Imperative exceptions

If you develop software in .NET, you probably use exceptions. Or at least, handle them, even by simply logging. Beside providing an easy way to deal with runtime errors, exceptions are frequently met during the initial phase of using a library or a framework, when you don’t know API yet and try to do something the other improper way. Consider one of the exceptions: KeyNotFoundException. It’s thrown by a dictionary when your program tries to get the key which hasn’t been added. The question what should you do when you encounter this error.
The truth is that the message of this exception isn’t descriptive enough. It simply states that:

The given key was not present in the dictionary.

This doesn’t provide you any meaningful information. After getting this exception, you still don’t know what key was missing. I’d prefer to get the missing key, event as a string representation. Later on, when the exception is logged, one can tell what was missing. But that’s only a prelude.
What about cases when you receive the meaningful and well-described exception like:

You haven’t registered any handler for this event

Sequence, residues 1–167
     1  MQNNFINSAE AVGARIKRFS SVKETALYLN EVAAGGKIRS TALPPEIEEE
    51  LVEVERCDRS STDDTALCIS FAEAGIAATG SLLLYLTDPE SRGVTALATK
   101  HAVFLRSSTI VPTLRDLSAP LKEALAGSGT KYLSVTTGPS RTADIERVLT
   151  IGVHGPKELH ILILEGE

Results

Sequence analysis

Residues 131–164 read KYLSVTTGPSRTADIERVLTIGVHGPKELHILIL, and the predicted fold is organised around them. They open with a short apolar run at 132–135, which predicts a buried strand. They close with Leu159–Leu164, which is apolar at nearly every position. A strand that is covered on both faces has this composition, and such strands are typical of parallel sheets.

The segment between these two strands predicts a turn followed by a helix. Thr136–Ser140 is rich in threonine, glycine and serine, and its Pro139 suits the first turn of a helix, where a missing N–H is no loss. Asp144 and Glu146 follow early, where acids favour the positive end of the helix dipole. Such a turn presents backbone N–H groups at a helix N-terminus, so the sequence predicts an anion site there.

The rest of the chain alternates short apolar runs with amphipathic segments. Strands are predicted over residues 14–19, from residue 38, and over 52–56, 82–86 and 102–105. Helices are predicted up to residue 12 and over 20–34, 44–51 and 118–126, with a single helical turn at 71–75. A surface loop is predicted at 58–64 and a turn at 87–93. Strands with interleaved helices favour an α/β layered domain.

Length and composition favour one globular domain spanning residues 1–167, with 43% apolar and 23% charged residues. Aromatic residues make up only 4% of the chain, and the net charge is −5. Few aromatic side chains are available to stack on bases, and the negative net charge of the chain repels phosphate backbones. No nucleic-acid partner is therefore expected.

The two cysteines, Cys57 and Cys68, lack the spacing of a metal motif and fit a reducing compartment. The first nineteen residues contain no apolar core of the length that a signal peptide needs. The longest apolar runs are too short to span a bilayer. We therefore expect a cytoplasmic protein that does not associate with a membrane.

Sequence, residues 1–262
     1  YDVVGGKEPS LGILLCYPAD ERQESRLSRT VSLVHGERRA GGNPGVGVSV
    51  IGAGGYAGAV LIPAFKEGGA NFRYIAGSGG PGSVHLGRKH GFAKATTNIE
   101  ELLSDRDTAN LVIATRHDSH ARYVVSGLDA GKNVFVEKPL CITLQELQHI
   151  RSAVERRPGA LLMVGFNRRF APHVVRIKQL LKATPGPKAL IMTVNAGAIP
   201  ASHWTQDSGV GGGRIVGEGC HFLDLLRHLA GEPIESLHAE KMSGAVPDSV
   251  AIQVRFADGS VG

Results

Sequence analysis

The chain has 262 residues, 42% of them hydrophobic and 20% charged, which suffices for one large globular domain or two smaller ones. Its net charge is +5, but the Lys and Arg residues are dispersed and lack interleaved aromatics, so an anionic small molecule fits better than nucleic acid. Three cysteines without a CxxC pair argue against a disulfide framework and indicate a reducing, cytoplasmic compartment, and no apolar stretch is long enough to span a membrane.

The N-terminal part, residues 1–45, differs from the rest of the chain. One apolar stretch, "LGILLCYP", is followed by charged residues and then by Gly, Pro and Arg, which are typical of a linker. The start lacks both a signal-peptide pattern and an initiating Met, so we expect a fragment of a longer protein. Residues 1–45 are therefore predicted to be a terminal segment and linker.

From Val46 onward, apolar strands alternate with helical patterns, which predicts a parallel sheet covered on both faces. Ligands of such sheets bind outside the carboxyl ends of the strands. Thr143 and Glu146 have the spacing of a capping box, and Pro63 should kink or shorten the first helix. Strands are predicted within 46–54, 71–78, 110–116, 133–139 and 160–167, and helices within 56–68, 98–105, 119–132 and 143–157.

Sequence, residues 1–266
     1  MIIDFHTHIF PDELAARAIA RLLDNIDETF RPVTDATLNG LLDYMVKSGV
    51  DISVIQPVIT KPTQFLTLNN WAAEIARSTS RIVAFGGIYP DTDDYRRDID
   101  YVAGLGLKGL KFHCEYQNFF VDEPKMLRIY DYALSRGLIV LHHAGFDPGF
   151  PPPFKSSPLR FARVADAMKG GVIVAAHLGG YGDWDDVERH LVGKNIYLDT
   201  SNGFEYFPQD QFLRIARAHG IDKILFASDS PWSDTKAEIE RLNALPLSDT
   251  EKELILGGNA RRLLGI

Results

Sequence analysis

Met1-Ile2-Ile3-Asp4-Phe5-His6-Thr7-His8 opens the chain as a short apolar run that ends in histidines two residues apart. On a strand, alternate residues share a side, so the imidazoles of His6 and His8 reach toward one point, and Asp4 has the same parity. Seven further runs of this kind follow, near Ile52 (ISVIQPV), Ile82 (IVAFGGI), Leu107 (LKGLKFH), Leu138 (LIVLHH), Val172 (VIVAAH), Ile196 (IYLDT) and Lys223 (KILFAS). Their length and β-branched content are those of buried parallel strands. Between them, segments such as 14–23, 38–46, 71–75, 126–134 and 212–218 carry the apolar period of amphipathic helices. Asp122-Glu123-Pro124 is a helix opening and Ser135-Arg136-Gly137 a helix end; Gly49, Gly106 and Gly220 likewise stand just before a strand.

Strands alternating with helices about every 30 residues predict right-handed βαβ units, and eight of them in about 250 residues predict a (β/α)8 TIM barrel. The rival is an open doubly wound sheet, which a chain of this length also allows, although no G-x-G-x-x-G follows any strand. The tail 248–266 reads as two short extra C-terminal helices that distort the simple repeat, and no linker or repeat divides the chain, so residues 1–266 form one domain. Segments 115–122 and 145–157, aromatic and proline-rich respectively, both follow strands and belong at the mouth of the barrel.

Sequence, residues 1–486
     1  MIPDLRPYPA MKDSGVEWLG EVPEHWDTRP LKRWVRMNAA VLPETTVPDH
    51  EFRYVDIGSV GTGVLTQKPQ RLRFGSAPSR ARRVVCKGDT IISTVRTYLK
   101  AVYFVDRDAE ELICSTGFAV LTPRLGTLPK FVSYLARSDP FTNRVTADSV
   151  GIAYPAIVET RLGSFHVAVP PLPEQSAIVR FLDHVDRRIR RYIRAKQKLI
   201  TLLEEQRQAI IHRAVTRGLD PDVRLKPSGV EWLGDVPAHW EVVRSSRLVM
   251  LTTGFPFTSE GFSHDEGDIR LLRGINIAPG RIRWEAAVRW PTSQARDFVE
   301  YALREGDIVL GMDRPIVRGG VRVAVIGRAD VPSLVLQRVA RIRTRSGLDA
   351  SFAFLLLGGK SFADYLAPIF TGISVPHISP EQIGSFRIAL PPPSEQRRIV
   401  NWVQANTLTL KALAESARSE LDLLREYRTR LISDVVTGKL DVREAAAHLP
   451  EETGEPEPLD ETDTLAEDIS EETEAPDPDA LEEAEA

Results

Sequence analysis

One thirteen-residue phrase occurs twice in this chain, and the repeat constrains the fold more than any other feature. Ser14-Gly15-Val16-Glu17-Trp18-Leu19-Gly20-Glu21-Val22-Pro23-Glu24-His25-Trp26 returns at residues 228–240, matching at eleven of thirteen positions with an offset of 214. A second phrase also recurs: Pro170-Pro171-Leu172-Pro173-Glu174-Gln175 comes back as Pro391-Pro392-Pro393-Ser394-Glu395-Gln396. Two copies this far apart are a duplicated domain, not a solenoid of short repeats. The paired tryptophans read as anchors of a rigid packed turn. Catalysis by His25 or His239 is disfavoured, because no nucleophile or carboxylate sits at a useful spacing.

Does it help you to solve this problem? If you know the library and you met this exception before, it’ll be easy to fix. What if it’s your first encounter? Then, providing an imperative part like:

You haven’t registered any handler for RoomBooked event. Register handler using bus.Register(hander)

is extremely helpful and lets a developer to maintain the focus on the code rather than switching to searching through StackOverflow.

4 thoughts on “Imperative exceptions

  1. At minimum, just log full stack trace. If you can’t – but on the other hand, why can’t you? But if you can’t one must corelate exception with some other logs (web server timestamp log, Event log-Windows/Application/ logs etc.
    In my experience, you can write few orseveral or even many exception handlers. In the long run it is pointless, there is too much to cover. Better focus on general handler with good stacktrace and few real good base cases.

  2. Completely agree – another set of meaningless exceptions are those from SQL Server, such as: “String or binary data would be truncated” or “SqlDateTime overflow. Must be between 1/1/1753 12:00:00 AM and 12/31/9999 11:59:59 PM.” with no info which field caused the error.

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